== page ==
E-M1MarkII OLYMPUS M.12-40mm F2.8 ISO 200 1/100 sec at ƒ / 11

Carrying on through the forest you’ll see quite a few stone walls, all covered in moss. Where the light breaks through you get patches of light and shades of green

E-M1MarkII OLYMPUS M.12-40mm F2.8 ISO 200 1/5 sec at ƒ / 11

From 3 through to 4 there’s not a lot to photograph. The trail is narrow, muddy, rough and single track. Two people couldn’t walk side by side here, but eventually you get through the forest. There’s a small rise which brings you up above the lake and is an ideal spot for photographing towards the Snowdon Massif, which you can see in the photograph below.

E-M1MarkII OLYMPUS M.12-40mm F2.8 ISO 200 1/125 sec at ƒ / 11

On the opposite side of the lake runs the road from Capel Curig to the base of the Llanberis Pass. I’ve often stopped there and walked down to the edge of the lake, but the viewpoint is not as good as where I’m standing now.

I can also look back towards Capel Curig from here and you can’t do that from the opposite side of the lake.

E-M1MarkII OLYMPUS M.12-40mm F2.8 ISO 200 1/125 sec at ƒ / 11

Not the best photograph below but at extreme zoom for the 300mm lens you can see how the clouds swirl around the mountain tops.

E-M1MarkII OLYMPUS M.75-300mm F4.8-6.7 II ISO 200 1/200 sec at ƒ / 11

Again the 300mm lens enable me to capture this old farm building at the far side of the lake.

E-M1MarkII OLYMPUS M.75-300mm F4.8-6.7 II ISO 200 1/200 sec at ƒ / 11

My final photograph from the edge of the forest, looking back towards the Snowdon Massif.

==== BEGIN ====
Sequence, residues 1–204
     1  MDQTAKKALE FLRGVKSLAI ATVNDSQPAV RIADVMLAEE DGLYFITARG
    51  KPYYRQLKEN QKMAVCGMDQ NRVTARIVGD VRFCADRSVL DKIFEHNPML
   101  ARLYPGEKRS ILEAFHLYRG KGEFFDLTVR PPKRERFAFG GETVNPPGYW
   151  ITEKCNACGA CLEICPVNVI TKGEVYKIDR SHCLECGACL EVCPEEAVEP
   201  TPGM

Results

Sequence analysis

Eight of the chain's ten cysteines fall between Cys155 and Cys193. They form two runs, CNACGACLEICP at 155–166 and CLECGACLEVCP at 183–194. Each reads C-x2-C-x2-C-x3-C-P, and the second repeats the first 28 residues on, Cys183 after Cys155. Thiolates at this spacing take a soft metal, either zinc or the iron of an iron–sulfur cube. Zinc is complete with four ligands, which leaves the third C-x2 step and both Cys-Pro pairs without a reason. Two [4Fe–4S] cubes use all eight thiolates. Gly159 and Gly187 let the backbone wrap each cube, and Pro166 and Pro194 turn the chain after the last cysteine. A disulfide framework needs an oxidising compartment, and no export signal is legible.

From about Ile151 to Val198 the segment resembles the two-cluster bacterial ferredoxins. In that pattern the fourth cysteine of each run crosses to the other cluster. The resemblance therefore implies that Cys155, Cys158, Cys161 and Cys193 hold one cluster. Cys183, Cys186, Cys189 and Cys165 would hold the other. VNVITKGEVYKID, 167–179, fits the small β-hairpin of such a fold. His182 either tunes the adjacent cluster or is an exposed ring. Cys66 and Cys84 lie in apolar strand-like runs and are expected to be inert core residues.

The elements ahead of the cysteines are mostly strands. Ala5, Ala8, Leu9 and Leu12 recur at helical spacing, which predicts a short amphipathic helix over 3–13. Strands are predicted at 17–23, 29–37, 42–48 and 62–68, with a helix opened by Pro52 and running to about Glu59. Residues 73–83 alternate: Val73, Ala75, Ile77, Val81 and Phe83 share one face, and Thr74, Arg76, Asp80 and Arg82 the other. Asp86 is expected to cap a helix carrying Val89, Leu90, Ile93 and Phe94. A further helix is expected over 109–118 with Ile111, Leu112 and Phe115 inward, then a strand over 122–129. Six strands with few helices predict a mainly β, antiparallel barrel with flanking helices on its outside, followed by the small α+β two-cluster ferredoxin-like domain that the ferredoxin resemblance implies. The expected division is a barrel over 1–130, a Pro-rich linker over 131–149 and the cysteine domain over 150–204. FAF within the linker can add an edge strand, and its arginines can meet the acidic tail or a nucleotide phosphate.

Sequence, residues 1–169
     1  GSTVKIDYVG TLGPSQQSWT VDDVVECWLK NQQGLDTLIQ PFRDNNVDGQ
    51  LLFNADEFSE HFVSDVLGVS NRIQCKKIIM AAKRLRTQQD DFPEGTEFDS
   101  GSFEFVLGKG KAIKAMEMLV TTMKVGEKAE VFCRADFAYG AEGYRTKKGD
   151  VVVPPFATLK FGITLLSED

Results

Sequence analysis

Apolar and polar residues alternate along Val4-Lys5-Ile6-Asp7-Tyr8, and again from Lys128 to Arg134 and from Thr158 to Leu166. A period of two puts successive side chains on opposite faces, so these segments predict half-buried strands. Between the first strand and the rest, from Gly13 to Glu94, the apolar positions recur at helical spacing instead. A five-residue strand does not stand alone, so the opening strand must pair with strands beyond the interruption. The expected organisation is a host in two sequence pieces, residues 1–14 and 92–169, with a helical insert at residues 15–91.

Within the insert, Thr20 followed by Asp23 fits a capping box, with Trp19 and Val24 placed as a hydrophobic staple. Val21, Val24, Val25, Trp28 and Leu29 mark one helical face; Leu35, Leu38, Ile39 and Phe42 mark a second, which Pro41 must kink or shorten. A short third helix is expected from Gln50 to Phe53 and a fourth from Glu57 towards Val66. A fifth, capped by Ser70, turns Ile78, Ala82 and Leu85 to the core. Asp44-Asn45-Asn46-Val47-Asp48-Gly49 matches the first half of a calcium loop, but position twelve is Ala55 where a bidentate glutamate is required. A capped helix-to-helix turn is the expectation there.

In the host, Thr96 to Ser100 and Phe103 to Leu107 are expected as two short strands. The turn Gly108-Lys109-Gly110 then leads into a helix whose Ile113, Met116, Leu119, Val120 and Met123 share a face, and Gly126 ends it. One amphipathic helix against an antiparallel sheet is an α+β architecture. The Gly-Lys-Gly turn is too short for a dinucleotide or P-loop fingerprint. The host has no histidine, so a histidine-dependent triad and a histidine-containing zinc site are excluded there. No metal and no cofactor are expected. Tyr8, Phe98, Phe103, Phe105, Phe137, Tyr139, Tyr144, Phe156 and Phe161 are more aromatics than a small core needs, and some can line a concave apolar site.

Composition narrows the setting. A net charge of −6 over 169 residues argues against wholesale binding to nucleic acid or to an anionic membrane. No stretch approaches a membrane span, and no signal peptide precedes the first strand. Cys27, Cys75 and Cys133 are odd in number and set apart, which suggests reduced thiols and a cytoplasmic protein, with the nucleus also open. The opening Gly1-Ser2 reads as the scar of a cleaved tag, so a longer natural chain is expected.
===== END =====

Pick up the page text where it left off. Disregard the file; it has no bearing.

E-M1MarkII OLYMPUS M.12-40mm F2.8 ISO 200 1/100 sec at ƒ / 11

That’s it. I took a slow walk back towards the cafe, stopping a couple of times for a drink. It was nice to get back to Moel Siabod Cafe, sit outside (Covid Restrictions) and have some lunch, before heading to the Ogwen Valley.

But that’s another story…..

12 thoughts on “Wales Is Open Again, Sort Of

      1. Yes, I went up there with my wife a couple of years ago. (My first and only ascent so far). It was pretty busy and then the train rolled in and people were everywhere, Though a friend of mine mentioned the other day and I hadn’t realised that he and I have done the highest peaks in England, Scotland, Northern Ireland and Ireland together, so it looks like it’s just going to have to be done again one day.


  1. With that many cars parking along the road, it must have been quite crowded at Pen-y-Pas. I experience something similar near the bottom of Goat Hill (Lamberville, New Jersey, USA) but the road was too narrow for cars to pass, so I had to reverse down the hill.